I’ve already booked myself a room, which if you knew how many oddities I indulge in about travel, would profoundly impress you. Funny for someone who grew up traveling! But planning makes me anxious. I find it easiest to plunge off on a whim– it used to always be a big question if I would get a visa to go to Nigeria to visit my parents, and often I would buy a ticket and go within forty eight hours of receiving my passport back from the Embassy. Stuffing my cheap new-bought luggage with basic supplies like bottles of peanut butter and plastic-bagged toothpaste, seed packets, colored chalk, dried Chinese mushrooms for my mother, and BOOKS, I’d make every square inch count.

I particularly remember a night in the Lagos airport back in the days when it had open walls to the outdoors. Geckos and major cockroaches with dancing troupes of moths passed through, and military with Schmeissers and riding crops coming in every two or three hours to beat sleeping ‘vagrants’ out of the place. Never bothered the whites or the people in good clothing, I think that was how they decided if you were a legitimate traveller or not. But I recall having John McPhee’s Oranges, and a fat new biography of Samuel Johnson to keep me awake for the night. Rarely have I been so thirsty, before or since.

The next morning the airport woke up around four or five AM, small birds opening a seething noisy chorus in the trees around the building. I found a man who knew where he could get me a soda, and I found an unofficial porter to help lug my suitcase over to the domestic flights section. I said the suitcase was cheap, didn’t I. Well, the handle tore off. No options for fixing it, so he loaded it onto his head and we marched on.

I had a ticket, but because of a late arrival the night before, had missed my flight from Lagos to Enugu. So I got in line with my ticket and waited in what shortly became a seething throng. I was denied every flight through the day, despite my best manners and firmest insistence on my right to be seated. I think they may have realized that I was not going to give a bribe, and was possibly becoming an embarrassment, so they finally gave me a boarding ticket for the last flight, after the dark had come down with the early suddenness it does on the Equator. It’s interesting that I have no recollection of managing to get any meals in that long day, but I did get a few sodas.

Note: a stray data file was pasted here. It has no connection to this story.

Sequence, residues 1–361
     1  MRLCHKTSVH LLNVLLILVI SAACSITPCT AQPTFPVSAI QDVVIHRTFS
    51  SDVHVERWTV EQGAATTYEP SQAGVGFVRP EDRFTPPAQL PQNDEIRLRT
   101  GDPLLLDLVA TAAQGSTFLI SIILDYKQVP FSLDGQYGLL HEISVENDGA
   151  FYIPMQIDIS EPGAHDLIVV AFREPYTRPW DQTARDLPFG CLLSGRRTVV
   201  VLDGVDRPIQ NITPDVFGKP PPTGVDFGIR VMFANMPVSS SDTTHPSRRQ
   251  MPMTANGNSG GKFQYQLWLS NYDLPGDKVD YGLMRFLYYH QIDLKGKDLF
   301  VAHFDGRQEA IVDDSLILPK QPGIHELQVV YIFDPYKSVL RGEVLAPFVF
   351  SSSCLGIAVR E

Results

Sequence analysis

Such a relief to be seated on that flight– I didn’t believe it until I fastened the belt. Another forty miles of driving lay ahead to reach my parents’ home in Nsukka after I would land. By this point, since none of my efforts to telegram ahead seemed to have worked, and I was a day and more late, I knew no one would be waiting for me in Enugu.  When our little Fokker began an abrupt descent to Enugu, the gentleman ahead of me down the aisle on the window seat began to chant “Pray God, a safe landing, pray God a safe landing,” which he kept up until our plane touched down in the darkness. It was a safe landing and we all cheered, probably inspired by the man up the aisle.

I walked off the plane down the roll-up steps with the Nigerian night holding me in its heavy warm fist, and all I felt was triumph. Of course, that soon shifted to the tension of the assault of taxi drivers and a bidding war to get a ride. That I didn’t have enough money in my pocket, cast no shadow on my bargaining. I had no conscience left about such details, and knew that my parents, if I reached them, would be happy to pay.  Soon we were lurching through the night traffic of Enugu. I made a little conversation, but the driving was challenging, involving goats and pedestrians and other vehicles, so I soon subsided, figuring it prudent. Once out on the highway, we sped along pretty well, but it seemed an interminable ride. I’m guessing now it wasn’t much over an hour and a quarter. I recall talking a lot with the driver about times over ten years ago in Nigeria and my wonder at being back now, in 1976.

I didn’t have a street address for my parents’ house, but my driver knew a solution.  He could go to the University of Nigeria at Nsukka postal center, because they would know.

I went in with him to the green-white lit building. I was shocked to see  the white metal clock on the wall said it was no later than five minutes of nine– we’d barely made it before closing.  I felt like it must be midnight. The neatly dressed man at the counter made me feel my messiness, my unbrushed hair, my rumpled days’ old clothing, the coating of dried sweat. At first all I saw was his shaking head, but he went to consult with an associate, coming back at a trot. Yes, now he had the name right, he could give us the address.

We circled around in the taxi and back a part of the way we had come, before we drove up into a little driveway.

“We are here,” my taxi driver said.

“Wait. I need money to pay you.”

Was it truly the right place? I went to the front door. I knocked, looking and seeing no one through the glass panes,  I opened the door. There was my mother seated at the dining room table under the big paper moon lantern that held the electric bulb, working on a pile of papers. A small vase of roses and gardenia stood near. She looked up.

“Hi, Robin,” she said. “I thought you might be coming, one of these days soon.”


Filed under blog, family history